Our thanks go out English 11 Students Deanica Galo and Lisa Chan along with their teacher Patti Alison from Richmond Secondary School in B.C. who recently completed the Project of Heart module and sent this note, along with pictures of completed tiles and survivor cards.
Thanks to teacher Jean Moir and Aboriginal Support Worker Tara Helps, learners from Grade 4 through Grade 6 at Langley Meadows Community School (BC) had the chance to partner with Project of Heart this past term. They responded by giving heartfelt responses to their new knowledge of a what it meant for generations of young learners like themselves to be forced to attend the Residential Schools, now infamous for their “lasting and damaging impact on aboriginal culture, heritage and language”, in the words of Prime Minister Harper. The following document is a sample of those student responses: Continue reading Langley Meadows elementary students’ response: “Powerful and Compassionate”
St. John’s Sunshine Coast United Church and St. Hilda’s By the Sea Anglican Church in Sechelt, B.C., teamed up to immerse themselves in the history and legacy of the Indian Residential School in their community.
The students in Social Justice 12 at Tamanawis Secondary in Surrey, BC, have garnered National attention with their recent Project of Heart commemoration efforts. The Student’s learned about the history of the Indian Residential School System in Canada before embarking on in-depth research into the Coqualeetza Lake Indian Residential School in Sardis, British Columbia. The class examined the history of the school as well the traditions and customs of the Sto: lo First Nation who mostly attended the school. We uploaded our research to missinghistory.ca as well as registered our class as 1 of 1000 Conversations.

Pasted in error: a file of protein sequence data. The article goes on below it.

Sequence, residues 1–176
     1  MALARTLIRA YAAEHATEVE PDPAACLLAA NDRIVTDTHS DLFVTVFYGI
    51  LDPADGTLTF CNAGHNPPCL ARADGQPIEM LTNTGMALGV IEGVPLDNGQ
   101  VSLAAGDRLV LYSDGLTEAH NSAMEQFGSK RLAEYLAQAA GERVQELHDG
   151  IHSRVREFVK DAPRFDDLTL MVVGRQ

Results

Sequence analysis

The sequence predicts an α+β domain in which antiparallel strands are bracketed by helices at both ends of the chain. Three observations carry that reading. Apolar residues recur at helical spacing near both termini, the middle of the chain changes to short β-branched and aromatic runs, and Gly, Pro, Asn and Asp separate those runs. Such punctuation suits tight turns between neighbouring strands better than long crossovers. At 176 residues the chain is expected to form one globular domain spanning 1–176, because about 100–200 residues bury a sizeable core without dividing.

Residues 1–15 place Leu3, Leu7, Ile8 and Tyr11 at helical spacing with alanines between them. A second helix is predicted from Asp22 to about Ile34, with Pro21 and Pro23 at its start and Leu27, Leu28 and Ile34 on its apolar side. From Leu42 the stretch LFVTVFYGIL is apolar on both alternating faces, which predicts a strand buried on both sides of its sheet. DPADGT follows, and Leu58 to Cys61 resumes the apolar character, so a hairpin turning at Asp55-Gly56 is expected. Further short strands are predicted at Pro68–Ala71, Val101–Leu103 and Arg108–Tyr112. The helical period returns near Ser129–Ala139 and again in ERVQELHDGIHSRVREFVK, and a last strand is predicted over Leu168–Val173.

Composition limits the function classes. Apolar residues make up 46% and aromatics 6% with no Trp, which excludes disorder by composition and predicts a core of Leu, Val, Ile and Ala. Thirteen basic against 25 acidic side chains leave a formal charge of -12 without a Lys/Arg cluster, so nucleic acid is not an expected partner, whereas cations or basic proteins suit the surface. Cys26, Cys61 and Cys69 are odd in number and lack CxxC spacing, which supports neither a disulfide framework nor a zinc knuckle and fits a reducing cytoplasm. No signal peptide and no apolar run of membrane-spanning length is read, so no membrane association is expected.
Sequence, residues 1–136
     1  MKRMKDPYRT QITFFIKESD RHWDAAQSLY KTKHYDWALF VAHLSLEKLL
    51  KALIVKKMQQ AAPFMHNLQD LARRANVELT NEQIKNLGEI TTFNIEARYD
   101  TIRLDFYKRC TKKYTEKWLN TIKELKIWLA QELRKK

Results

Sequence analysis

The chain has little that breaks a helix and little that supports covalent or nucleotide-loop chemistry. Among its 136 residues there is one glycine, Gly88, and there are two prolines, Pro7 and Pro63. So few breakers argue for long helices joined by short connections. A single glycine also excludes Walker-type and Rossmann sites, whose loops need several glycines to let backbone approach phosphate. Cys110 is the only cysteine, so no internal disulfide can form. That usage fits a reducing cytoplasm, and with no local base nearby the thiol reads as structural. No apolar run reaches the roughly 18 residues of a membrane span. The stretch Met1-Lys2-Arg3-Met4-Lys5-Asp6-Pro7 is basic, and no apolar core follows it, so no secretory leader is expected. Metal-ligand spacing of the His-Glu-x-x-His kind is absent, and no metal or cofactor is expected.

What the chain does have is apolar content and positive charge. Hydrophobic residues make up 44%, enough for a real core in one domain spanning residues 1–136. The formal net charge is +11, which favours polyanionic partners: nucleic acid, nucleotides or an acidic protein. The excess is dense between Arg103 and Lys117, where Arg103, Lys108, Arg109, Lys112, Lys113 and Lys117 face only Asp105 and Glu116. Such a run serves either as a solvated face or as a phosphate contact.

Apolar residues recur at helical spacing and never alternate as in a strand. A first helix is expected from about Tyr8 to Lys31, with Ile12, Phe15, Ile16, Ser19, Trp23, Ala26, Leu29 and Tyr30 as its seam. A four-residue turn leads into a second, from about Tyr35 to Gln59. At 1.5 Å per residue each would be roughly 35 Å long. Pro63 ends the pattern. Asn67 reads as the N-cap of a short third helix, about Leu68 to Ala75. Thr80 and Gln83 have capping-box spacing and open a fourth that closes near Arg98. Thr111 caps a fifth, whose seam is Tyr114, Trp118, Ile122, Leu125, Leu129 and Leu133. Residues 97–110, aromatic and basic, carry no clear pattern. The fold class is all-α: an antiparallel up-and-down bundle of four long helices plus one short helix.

The Unit culminated in the designing of our 50 commemoration tiles and 6 survivor cards as well as a brief look at the current funding issues concerning Reserve Schools. The Students wrote letters to their local Member of Parliament, Jinny Sims, outlining their understanding of the current conditions at Reserve Schools such as the one on the Attawapiskat First Nations Reserve. Ms. Sims was so impressed by their concerns and will be meeting with the students in the new year before making a statement in the House of Commons; using their letters in her statement. The entire experience has been a phenomenal one for the students, the level of their inquiry and engagement was inspiring. As a student teacher the success of this unit was tremendous and has been replicated with other classes within the school already.